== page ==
Why this book?
This transformative book explores the early years of the Cuban Revolution from the ground up, arguing that revolutionary leadership constructed hegemony gradually—gaining popular support by creating a “grand narrative” that envisioned the Revolution as an opportunity for spiritual and political redemption. Guerra shows that leaders also censured alternative narratives and voices that challenged their monopoly over power. And because government organizations deputized citizens to defend the state, they inadvertently created “unintended dissidents,” as well as vast numbers of supporters. These arguments and more make this exceptional book a controversial one as well.
Why should I read it?
What is this book about?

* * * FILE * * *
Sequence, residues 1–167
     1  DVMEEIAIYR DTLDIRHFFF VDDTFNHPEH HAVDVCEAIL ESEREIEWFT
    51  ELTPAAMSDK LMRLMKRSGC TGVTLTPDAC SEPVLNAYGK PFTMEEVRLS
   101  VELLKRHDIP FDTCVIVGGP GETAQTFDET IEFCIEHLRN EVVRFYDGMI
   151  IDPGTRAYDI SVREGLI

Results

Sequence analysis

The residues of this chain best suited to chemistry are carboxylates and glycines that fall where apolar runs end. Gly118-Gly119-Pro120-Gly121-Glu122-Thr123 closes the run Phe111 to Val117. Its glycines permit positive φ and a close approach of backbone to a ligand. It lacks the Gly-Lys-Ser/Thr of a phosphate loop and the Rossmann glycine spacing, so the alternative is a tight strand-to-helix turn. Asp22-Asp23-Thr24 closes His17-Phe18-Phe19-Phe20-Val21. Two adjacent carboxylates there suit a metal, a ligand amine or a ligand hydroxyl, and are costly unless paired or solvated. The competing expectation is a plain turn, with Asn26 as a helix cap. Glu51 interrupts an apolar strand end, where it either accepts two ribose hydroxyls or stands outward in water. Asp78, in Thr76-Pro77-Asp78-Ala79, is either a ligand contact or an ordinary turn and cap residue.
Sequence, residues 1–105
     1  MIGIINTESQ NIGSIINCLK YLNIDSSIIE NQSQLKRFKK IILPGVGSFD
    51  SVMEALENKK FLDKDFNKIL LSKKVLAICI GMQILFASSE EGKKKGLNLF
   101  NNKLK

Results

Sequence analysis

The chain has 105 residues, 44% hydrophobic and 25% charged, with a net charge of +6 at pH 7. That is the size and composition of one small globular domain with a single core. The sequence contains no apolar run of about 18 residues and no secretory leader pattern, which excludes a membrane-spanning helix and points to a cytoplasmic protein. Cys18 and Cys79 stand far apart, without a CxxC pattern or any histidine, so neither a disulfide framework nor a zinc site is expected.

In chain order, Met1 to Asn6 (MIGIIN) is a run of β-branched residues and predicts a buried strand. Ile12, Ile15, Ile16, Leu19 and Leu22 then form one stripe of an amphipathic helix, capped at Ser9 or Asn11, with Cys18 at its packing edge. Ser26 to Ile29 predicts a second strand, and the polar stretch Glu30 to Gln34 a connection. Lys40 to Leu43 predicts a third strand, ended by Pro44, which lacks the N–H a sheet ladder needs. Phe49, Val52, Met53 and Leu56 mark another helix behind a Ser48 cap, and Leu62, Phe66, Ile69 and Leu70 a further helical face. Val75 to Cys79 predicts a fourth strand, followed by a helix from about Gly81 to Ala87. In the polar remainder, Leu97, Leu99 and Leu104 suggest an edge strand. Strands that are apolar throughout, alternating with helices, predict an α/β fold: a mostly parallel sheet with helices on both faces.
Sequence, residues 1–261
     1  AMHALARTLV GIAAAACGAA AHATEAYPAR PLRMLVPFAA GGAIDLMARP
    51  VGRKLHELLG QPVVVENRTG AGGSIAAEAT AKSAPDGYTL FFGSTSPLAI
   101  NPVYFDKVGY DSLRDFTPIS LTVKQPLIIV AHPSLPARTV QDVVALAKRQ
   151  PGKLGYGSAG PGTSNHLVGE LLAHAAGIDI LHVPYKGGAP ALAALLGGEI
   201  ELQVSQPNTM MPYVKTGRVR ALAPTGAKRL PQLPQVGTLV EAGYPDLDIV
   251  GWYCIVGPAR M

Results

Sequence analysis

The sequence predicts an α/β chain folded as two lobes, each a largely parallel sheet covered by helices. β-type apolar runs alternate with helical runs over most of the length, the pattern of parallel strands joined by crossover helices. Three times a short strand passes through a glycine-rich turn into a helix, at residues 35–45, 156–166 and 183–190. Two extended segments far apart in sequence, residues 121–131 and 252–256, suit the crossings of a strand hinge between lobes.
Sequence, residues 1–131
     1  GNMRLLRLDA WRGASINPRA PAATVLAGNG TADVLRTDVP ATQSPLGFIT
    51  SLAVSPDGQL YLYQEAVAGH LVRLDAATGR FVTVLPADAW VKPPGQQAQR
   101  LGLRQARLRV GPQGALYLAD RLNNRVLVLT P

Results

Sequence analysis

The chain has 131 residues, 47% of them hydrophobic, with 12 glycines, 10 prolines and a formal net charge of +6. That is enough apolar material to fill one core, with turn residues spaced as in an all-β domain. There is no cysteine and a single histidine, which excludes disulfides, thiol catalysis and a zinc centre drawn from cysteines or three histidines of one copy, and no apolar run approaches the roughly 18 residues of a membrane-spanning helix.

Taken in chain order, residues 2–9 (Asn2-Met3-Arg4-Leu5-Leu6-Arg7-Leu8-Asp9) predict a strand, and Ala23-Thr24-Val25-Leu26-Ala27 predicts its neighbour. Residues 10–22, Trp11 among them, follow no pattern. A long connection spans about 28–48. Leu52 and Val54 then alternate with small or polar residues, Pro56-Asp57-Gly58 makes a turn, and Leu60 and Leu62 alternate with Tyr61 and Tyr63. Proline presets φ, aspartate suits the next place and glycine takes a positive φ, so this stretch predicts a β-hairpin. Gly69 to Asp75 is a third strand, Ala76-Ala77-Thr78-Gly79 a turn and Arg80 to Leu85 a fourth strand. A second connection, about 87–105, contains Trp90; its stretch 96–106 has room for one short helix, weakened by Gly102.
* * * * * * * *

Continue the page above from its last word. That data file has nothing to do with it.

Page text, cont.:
In the tumultuous first decade of the Cuban Revolution, Fidel Castro and other leaders saturated the media with altruistic images of themselves in a campaign to win the hearts of Cuba's six million citizens. In Visions of Power in Cuba, Lillian Guerra argues that these visual representations explained rapidly occurring events and encouraged radical change and mutual self-sacrifice.
Mass rallies and labor mobilizations of unprecedented scale produced tangible evidence of what Fidel Castro called ""unanimous support"" for a revolution whose ""moral power"" defied U.S. control. Yet participation in state-orchestrated spectacles quickly became a requirement for political inclusion in a new…